The Municipal Corporation, Shimla, provided transportation and disposal facility for the garbage collected by these youth.

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Now, Himachal’s Private Schools Warn Govt of Protest, Term Ongoing Inspections Wrongful

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Himachal's Private Schools Inspection Report

Shimla-Under immense pressure from parents, who have been protesting for last one and half month, private schools in Himachal Pradesh are finally undergoing inspections from April 9, 2019.  As per reports, the committees formed by the Directorate of Higher Education, H.P., inspected dozens of schools in Shimla and took records related to fees charged during last three years, salaries of staff, number of students, facilities, qualification of teachers, expenditure on school etc. into possession.

Though the Department did not comment about these schools officially, the inspected schools of Shimla included St. Edwards, DAV Lakkar Bazaar, Dayanand Public School, Auckland House, St. Thomas, Convent of Jesus and Mary, Secret Heart Dhalli, DAV Totu, Mount Shivalik in Jubbarhatti, Rising High etc. There are over 150 private schools running in Shimla.

Internal sources from some of these schools, on the condition of anonymity, told Himachal Watcher that committees are executing directions of the Directorate strictly. The officials are not soft on the management. It has created a stir among these schools.

By issuing a notification, on April 8, 2019, the Directorate had formed committees and had asked them to file a report of private schools running in District Headquarters by April 13. However, inspections still continue and the Directorate has not received reports of all schools yet. The report of schools in subdivisions and others is expected by April 22.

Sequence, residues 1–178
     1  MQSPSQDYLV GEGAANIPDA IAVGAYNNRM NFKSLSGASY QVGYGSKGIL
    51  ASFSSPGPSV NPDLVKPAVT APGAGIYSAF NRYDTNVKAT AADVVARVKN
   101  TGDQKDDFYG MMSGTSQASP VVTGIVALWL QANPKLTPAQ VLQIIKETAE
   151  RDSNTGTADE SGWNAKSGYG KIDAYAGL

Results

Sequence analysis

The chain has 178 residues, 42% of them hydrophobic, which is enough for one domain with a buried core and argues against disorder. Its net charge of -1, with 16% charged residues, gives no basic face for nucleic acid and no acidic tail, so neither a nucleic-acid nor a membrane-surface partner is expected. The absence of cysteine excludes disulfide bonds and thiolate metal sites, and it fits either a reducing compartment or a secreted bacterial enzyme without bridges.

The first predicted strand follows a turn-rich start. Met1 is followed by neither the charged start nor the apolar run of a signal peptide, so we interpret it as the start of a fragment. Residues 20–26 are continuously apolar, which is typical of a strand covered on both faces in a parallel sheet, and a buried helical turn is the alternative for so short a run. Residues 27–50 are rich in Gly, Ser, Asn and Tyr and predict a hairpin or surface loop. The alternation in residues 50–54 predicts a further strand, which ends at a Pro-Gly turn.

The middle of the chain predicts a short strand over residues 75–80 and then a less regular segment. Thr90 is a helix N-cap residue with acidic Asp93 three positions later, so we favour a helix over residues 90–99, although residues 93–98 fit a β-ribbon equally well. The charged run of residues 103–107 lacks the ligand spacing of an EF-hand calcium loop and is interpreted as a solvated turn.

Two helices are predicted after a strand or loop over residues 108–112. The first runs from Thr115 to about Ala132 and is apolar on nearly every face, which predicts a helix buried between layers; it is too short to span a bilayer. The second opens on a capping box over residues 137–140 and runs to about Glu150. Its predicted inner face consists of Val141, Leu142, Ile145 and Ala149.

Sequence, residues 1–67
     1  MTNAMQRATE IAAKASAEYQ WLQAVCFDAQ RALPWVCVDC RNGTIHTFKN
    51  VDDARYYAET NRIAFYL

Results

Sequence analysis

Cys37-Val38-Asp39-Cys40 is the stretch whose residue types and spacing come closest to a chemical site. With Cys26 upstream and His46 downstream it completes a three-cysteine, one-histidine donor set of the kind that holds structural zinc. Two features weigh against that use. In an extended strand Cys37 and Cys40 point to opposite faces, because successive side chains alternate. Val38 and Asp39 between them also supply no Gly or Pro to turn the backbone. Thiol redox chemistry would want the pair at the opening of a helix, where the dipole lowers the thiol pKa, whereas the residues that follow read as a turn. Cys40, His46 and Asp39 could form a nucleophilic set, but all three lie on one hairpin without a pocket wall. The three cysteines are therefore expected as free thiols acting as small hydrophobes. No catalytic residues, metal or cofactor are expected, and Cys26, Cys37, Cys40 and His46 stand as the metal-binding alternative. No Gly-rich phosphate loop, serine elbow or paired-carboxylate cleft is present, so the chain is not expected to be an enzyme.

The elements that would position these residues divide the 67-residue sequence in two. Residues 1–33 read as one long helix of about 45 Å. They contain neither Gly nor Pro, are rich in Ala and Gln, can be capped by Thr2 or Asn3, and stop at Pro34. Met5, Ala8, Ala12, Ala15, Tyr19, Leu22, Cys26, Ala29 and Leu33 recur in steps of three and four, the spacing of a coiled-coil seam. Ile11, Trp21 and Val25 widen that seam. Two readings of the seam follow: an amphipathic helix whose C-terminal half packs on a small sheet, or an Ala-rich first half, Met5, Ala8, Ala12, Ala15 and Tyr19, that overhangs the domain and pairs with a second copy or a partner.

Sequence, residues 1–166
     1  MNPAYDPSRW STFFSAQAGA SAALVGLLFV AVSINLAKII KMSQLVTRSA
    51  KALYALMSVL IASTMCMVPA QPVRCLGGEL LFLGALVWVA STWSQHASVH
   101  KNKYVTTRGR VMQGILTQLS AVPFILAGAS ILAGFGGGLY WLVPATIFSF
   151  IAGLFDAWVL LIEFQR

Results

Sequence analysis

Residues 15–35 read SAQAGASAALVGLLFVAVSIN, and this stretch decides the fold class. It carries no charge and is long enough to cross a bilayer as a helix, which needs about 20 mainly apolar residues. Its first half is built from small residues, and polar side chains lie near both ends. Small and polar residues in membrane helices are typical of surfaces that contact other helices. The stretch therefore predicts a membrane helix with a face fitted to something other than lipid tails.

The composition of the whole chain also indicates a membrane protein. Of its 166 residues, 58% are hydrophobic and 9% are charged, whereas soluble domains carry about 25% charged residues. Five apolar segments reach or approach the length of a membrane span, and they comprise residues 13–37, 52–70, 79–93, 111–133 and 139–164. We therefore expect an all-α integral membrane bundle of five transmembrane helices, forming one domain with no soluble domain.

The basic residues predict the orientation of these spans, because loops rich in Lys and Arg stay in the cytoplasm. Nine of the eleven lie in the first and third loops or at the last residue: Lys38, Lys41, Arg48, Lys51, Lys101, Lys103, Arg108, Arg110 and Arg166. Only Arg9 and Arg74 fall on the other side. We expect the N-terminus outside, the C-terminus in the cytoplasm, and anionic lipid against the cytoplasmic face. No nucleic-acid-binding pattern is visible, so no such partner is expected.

As per the student-parent forum, total 1472 private schools are currently running in the State. Further course of action would be decided only after the data of all schools is available, the Director Dr Amarjeet Kumar Sharma  had told media.

Similarly, at least six teams were constituted for inspection of over 180 private schools in Kullu district. Reports from Bilaspur said there are over 80 private schools in Bilaspur and 20 percent of them had not provided data that the Directorate had sought two months ago. It is expected that now these schools would be made to comply with the orders strictly.

It’s pertinent to mention that the Directorate had asked schools to submit various data related to their fee structure, annual hikes, audit reports, funds etc. However, a large number of schools had not responded to it. Moreover, the Government appeared reluctant to take action for this non-compliance. But now the pressure from protesting parents now compelled it to take action.

Private Schools Terms Govt Inspections Wrongful